Donald Trump’s upcoming rally, his first in months, has been criticised by many, not only because of the obvious coronavirus risk, but also because it was scheduled to be held on June 19, or Juneteenth – a holiday that commemorates the freeing of US slaves – in Tulsa, the site of what’s been called “the single worst incident of racial violence in American history”. Of course, this also comes amid nationwide protests against racism and police brutality.
Nevertheless, since the free event (now taking place a day later) was announced, Trump has claimed that “almost one million people” have requested tickets for one of the auditorium’s almost 20,000 seats.
Not all of those ticket requests are necessarily from Trump supporters though, as TikTokers have been making an effort to claim them with no intention of turning up.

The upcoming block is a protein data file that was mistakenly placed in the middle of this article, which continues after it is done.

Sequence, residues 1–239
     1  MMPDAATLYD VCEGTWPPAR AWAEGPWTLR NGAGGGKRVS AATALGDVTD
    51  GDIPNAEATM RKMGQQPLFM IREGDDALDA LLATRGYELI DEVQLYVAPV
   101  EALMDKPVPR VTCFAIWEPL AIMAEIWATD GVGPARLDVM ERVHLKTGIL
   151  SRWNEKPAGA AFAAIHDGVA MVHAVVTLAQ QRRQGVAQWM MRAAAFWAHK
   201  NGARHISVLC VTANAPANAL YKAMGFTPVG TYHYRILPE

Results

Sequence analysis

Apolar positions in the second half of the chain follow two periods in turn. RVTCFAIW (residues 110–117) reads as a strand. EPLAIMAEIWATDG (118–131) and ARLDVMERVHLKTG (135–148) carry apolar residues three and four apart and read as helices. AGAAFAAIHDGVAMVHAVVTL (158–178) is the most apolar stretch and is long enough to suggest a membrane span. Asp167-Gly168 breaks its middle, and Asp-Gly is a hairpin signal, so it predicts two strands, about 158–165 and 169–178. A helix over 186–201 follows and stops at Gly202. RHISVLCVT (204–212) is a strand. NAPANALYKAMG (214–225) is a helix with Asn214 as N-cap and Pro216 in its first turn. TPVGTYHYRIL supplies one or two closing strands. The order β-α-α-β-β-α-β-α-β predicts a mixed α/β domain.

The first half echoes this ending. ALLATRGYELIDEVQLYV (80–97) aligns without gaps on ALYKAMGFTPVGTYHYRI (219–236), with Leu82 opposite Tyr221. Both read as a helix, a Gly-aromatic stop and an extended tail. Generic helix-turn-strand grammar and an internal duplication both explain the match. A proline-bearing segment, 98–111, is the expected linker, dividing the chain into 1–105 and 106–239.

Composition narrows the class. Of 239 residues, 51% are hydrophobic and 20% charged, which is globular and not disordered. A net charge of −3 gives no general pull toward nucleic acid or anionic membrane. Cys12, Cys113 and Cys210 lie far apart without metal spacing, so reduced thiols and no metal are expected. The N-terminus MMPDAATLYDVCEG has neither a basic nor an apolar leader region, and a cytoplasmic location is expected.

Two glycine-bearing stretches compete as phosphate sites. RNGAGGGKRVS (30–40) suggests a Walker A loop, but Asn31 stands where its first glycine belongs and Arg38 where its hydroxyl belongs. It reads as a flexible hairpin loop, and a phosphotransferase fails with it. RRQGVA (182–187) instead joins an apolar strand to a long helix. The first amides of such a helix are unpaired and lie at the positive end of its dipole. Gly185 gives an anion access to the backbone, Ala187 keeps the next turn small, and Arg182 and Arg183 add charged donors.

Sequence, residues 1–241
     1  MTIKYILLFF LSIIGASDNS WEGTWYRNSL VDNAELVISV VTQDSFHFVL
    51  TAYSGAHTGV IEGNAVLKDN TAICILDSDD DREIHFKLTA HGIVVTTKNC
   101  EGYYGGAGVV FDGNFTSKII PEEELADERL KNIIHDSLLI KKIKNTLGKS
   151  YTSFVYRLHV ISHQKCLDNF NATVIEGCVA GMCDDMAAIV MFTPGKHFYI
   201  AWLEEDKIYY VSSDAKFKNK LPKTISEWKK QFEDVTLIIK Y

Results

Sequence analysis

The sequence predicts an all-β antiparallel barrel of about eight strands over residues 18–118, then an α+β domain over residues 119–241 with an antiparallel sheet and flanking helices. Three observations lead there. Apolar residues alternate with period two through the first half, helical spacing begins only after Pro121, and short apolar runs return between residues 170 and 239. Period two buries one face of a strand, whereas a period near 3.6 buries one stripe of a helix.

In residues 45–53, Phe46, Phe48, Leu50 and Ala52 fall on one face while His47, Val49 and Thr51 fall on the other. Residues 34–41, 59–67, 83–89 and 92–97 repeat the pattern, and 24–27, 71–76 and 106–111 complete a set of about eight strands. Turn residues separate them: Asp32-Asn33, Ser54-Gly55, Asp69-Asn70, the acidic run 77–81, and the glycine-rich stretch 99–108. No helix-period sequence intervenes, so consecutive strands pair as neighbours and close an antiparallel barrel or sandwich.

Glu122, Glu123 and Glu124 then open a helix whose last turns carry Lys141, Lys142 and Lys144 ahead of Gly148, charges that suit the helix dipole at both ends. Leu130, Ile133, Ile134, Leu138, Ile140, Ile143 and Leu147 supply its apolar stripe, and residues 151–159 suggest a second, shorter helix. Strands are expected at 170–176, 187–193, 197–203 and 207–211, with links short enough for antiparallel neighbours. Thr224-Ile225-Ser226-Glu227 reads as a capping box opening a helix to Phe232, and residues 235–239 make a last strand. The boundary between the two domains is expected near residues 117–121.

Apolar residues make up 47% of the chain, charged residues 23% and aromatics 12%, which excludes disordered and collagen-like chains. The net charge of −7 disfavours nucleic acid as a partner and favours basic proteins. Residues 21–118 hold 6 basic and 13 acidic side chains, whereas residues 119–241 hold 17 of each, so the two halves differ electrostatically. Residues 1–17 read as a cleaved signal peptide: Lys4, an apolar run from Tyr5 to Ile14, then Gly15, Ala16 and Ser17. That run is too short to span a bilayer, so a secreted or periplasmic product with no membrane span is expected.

One user especially, Mary Jo Laupp, has been spreading the idea, posting a TikTok last week in which she points out the inappropriate timing and setting of the rally, calling it “a slap in the face to the Black community”.
Laupp – who worked on Pete Buttigieg’s campaign last year – then goes on to explain how to request seats for free, adding: “All of those of us that want to see this 19,000 seat auditorium barely filled, or completely empty, go reserve tickets now and leave him standing alone there on the stage.”
In a subsequent TikTok video, she’s also called for the Twitter handles of K-pop stans to help with the protest. (Recently, K-pop stans have also shown support for the Black Lives Matter movement, spamming a police “snitch” app and making sure the movement stays trending).
As a CNN article points out, there’s unfortunately quite a good chance that the effort is in vain, as ticket requests usually only serve to give an idea of the numbers that will be attending. Making a reservation also requires handing over your contact details, which is… probably not the best idea, even if it is in the name of sending a message to the Trump administration.